Sen. Kirsten Gillibrand has proposed "legislation aimed at putting an end to current payday lending practices by giving some banking services a new home: the U.S Post Office" as reported by CNBC. 15 states have effectively outlawed payday loans, limiting loan options for residents there. Allowing the USPS to offer small loan services would further dent the business models of payday lenders while giving the USPS a new revenue source.
According to The Economist more than 1 in 4 Americans are unbanked or underbanked leaving them to check cashing and payday lending companies and high rates. They note that "the average underbanked household has an annual income of only $25,500 or so, yet spends around 9.5% of that on fees and interest charged by these banking substitutes." In addition to meeting the needs of current payday loan customers the Post Office could reach rural customers with financing needs at a time when banks are withdrawing from many rural communities.
PayDay Loans By The Numbers
The USPS employs over 500,000 employees. There's a good chance that some of them are payday loan customers. But in terms of value to potential customers shifting even some of the 12 million payday loan borrowers to a lower cost Post Office option would free up money for other needs. In fact the USPS would compete primarily with high cost payday lenders rather than banks. As The Economist notes 'Some 59% of its post offices are in places with either a single bank or none at all.'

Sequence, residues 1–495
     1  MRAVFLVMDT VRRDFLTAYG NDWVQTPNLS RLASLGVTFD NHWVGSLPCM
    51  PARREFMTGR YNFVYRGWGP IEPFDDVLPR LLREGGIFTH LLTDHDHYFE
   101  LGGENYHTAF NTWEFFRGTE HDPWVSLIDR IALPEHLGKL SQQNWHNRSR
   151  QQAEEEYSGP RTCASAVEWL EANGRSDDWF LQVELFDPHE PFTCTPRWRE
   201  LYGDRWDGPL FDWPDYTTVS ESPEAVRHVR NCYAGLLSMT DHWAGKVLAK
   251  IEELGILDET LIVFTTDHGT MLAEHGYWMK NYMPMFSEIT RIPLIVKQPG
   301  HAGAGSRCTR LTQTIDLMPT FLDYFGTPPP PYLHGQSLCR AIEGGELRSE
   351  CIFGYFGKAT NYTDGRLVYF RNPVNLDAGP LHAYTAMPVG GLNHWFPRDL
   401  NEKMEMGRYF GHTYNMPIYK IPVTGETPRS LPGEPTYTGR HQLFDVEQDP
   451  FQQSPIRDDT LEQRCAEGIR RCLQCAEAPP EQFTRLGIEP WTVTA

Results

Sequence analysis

Post Office By The Numbers
The USPS could start with basic information to help underwrite new loans. For starters they know how long someone has lived at their current location and how often they've moved. They also might be able to leverage information on the volume and type of mail a potential customer gets as a form of alternative data (e.g., do they get a utility bill).
The Post Office would need a funding mechanism. Adding deposit services could aid both small businesses and consumers. Given the low rates currently paid by banks a little competition for deposits might dent bank profitability but would benefit all consumers. The USPS has a history as a deposit taking institution. From 1911 to 1967 it accepted personal deposits.
Another service the Post Office could provide as part of the underwriting process could be a check to see what other government and social services a customer might qualify for. This would deliver tremendous value to each customer regardless of their financial status.
While this might represent a dramatic change for the USPS it seems like a natural evolution which would allow them to leverage their infrastructure of offices and staff more fully. And help address their financial challenges.